Generally solar thermal collectors are cheaper to buy and install than photovoltaic panels, but a detailed technical and economical analysis is needed to determine how long it will take for energy savings to exceed installation costs. Some things to take into account are:
· The solar resources available which depends on latitude, local climate, cloud cover, and shading.
· The efficiency of the solar collector which depends on the collector itself, the fluid to be used, orientation, and placement.
· Cost of equipment purchase and installation.
· Incentives that may be available through federal, state, and local governments as well as utility companies.

Energy 1 is a company that can provide a feasibility study that takes all of this into account and provides you with the information you need to know like savings on your monthly energy costs, payback period, installation costs, etc. They can also provide feasibility studies for photovoltaics, wind energy, micro-hydro, cogeneration, and geothermal energy.
If you aren’t concerned with detailed economic analysis and would like to “jump right in” you should still be aware of the incentives available to offset the cost of your project. Energy 1 can give you a comprehensive break down on Federal, State and Local tax grants and incentives. In most cases this can give a residential application a payback in less than 7 years.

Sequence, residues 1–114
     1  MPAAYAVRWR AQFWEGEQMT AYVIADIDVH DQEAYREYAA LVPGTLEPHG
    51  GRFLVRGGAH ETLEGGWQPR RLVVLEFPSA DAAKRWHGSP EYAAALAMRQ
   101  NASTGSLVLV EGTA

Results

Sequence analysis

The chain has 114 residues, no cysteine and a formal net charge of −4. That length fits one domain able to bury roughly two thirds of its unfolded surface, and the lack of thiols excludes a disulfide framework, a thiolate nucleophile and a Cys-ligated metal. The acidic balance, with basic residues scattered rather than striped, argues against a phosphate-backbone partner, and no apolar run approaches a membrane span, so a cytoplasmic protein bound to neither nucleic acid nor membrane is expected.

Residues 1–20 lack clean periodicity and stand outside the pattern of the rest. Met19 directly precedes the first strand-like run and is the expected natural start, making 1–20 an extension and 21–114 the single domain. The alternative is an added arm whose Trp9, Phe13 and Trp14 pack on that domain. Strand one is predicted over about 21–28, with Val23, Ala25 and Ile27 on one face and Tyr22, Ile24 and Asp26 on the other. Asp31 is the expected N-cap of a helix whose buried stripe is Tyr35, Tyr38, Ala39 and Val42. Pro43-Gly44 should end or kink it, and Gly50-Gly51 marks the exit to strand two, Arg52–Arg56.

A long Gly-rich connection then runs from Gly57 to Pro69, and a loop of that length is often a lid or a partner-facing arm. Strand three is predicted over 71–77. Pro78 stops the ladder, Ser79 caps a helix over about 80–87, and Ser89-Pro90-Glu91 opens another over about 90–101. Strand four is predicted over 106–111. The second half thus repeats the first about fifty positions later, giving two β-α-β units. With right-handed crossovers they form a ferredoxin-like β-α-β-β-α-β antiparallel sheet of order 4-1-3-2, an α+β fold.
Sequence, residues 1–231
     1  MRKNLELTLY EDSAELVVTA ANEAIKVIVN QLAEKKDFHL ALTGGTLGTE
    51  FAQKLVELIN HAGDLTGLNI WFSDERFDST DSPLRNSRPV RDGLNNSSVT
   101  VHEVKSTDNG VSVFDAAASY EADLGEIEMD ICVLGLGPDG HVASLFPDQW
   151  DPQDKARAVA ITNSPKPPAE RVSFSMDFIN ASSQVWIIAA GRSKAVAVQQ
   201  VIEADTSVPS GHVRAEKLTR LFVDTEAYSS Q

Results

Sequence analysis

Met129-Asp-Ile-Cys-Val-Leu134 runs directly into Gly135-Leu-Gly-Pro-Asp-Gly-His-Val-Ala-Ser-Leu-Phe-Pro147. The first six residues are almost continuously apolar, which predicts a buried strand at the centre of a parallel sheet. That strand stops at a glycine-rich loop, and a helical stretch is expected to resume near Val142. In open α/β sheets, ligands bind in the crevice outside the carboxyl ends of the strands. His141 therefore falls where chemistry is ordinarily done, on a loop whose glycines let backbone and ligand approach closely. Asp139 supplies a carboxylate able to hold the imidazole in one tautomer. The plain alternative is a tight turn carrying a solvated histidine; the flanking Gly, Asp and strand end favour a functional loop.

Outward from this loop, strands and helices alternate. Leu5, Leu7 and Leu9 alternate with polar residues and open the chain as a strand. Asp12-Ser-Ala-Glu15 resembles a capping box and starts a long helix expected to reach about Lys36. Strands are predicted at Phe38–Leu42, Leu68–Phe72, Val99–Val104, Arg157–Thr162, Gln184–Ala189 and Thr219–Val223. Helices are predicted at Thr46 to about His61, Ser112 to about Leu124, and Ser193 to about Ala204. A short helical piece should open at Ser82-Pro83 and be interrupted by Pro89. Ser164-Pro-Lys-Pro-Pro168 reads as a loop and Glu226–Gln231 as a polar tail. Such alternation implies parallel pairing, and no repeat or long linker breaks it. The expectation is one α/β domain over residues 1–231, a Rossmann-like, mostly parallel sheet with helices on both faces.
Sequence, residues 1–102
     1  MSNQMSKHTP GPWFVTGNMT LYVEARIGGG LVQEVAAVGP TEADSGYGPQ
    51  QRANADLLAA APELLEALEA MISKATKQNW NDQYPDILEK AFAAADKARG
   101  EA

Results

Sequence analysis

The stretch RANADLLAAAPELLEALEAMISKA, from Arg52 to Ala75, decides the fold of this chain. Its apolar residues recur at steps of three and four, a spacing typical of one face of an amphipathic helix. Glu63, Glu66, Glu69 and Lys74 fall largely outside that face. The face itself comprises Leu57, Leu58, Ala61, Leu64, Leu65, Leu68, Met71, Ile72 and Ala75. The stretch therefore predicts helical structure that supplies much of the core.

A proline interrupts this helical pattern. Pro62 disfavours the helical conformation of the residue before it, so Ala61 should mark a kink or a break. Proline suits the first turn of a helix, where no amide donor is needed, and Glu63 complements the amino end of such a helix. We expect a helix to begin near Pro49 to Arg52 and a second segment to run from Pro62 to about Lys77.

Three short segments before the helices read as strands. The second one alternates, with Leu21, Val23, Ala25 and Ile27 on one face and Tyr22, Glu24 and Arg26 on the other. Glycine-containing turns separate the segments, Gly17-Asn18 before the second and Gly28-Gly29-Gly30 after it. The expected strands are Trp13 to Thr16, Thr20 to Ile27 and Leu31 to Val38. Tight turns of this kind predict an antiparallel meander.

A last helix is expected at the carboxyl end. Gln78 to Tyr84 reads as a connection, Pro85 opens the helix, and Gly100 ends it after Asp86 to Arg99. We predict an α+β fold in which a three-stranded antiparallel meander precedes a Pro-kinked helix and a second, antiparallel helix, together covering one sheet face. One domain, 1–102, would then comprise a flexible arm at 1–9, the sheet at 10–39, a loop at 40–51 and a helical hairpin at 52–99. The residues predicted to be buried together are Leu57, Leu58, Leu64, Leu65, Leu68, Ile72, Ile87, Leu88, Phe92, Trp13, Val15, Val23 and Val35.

How can I get a Solar Hot Water system for my building?
Need a hand installing your system? For an easy no-headache installation Energy 1 can do a feasibility study, provide the design, install the system, and provide routine maintenance on your installed system. Or call (406) 587-2917.

Monday, November 30, 2009


Energy 1 is committed to the comprehensive development, integration and installation of renewable energy systems; employing the latest technologies in geothermal, solar electric, solar thermal, wind and mini hydro‐electric applications. Our team of engineers and specialty service providers allows for seamless delivery, from initial concept to installation to post commission performance tracking.

We believe our process ensures the most proficient solutions are attained, producing an end product that is cost effective, feasible and effectively integrated into the building and site.

Energy 1, based in Bozeman MT, was founded by a team of engineers to fulfill a niche that was clearly missing from companies offering sustainable energy solutions.

Energy 1 is a “full service” renewable energy solutions provider.

Our team has, collectively, over 50 years of experience designing, developing, installing and servicing renewable energy systems. Today, we are one of the few specialty firms that provide multi-tiered, fully integrated systems. Our core team allows for a seamless transition from concept to delivery, providing critical early involvement to ensure the most appropriate system is employed, and proficiently integrated into the building and site.